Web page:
Valetta, Malta (Dated 1839)
About this artwork
Roberts was quarantined at Malta after the completion of his journey to the Holy Land during May and June of 1839. This watercolour shows Valletta’s Marsamuscetto Harbour viewed from his room in the fort. Despite the large size, Roberts wrote in a letter that he felt little inclination to work. He found the heat made working difficult, and confessed that "I am now tired, tired of it, and unfortunately after Egypt and Syria everything loses". In the National Museum of Fine Arts in Malta there is another watercolour by Roberts of Valletta, showing a view of the Grand Harbour.
- title: Valetta, Malta
- accession number: D NG 513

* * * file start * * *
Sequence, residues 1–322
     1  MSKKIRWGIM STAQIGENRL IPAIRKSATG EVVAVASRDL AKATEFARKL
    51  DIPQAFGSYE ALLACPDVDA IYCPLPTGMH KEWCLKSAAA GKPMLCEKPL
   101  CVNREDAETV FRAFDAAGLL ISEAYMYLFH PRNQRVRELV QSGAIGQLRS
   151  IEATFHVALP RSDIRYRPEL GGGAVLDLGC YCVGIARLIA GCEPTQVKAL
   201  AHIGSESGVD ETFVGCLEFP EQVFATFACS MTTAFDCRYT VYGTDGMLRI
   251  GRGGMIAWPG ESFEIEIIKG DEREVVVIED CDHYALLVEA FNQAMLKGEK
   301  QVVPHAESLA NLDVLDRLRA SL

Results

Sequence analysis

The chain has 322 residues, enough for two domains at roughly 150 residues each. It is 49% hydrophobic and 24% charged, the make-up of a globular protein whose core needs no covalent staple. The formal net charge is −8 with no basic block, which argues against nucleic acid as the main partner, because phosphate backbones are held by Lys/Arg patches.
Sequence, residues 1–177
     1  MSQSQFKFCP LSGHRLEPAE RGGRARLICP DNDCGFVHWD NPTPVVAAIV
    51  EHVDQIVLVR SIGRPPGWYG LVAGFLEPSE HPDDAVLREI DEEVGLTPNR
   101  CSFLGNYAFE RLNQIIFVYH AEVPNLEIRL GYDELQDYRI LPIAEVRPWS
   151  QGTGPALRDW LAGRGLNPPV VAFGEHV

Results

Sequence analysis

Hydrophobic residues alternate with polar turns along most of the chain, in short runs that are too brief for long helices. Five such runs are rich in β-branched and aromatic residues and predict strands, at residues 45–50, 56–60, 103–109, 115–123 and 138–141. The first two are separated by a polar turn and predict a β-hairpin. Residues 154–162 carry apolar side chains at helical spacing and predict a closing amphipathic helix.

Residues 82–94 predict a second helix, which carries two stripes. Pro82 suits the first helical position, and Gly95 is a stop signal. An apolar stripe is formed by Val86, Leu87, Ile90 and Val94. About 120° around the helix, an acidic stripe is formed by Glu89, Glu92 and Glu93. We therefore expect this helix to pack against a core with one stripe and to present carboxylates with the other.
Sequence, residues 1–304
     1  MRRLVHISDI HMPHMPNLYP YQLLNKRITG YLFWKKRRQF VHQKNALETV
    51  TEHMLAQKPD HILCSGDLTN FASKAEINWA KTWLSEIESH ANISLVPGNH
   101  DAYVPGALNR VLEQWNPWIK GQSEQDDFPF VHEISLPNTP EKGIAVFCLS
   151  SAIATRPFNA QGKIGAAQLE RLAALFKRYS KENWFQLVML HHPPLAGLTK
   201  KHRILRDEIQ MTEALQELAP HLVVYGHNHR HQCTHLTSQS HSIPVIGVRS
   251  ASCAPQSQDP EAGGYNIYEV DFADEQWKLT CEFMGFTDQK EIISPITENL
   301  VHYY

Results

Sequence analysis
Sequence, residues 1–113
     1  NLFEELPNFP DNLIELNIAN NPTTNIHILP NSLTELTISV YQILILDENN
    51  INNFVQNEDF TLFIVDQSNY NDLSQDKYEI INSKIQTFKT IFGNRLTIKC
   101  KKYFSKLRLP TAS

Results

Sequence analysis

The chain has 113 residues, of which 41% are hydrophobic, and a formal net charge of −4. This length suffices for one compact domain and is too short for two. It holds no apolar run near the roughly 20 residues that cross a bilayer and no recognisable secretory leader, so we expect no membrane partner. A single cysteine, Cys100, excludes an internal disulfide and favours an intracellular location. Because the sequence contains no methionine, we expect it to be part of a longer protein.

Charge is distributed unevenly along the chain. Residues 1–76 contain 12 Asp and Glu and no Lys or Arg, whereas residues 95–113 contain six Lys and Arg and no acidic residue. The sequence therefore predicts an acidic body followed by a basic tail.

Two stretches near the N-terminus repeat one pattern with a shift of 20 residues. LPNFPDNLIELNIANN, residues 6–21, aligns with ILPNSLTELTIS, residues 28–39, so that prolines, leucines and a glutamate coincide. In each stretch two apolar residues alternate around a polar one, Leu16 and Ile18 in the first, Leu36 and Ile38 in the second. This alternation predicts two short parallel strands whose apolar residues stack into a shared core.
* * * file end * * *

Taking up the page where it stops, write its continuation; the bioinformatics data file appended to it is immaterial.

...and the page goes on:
- artist: David RobertsScottish (1796 - 1864)
- gallery: In Storage
- object type: Work on paper
- materials: Pencil, watercolour and bodycolour on four joined sheets of paper
- date created: Dated 1839
- measurements: 31.80 x 87.60 cm (framed: 48.50 x 115.10 x 2.00 cm)
- credit line: John Scott Bequest 1864
Roberts' international renown as a landscape painter developed from the lithographs published after his watercolours, inspired by his travels in Europe and the Middle East. He appears in eastern dress in Robert Scott Lauder's splendid portrait of him in the Scottish National Portrait Gallery. Roberts was apprenticed to an Edinburgh house painter and worked on theatrical sets before establishing himself as a landscape artist. Inspired by Turner, he made regular expeditions abroad. His carefully composed, atmospheric paintings convey both the excitement of experiencing picturesque and exotic sites with fascinating details. Roberts' appointment as a Commissioner for the Great Exhibition of 1851, under the patronage of Prince Albert, confirmed his status.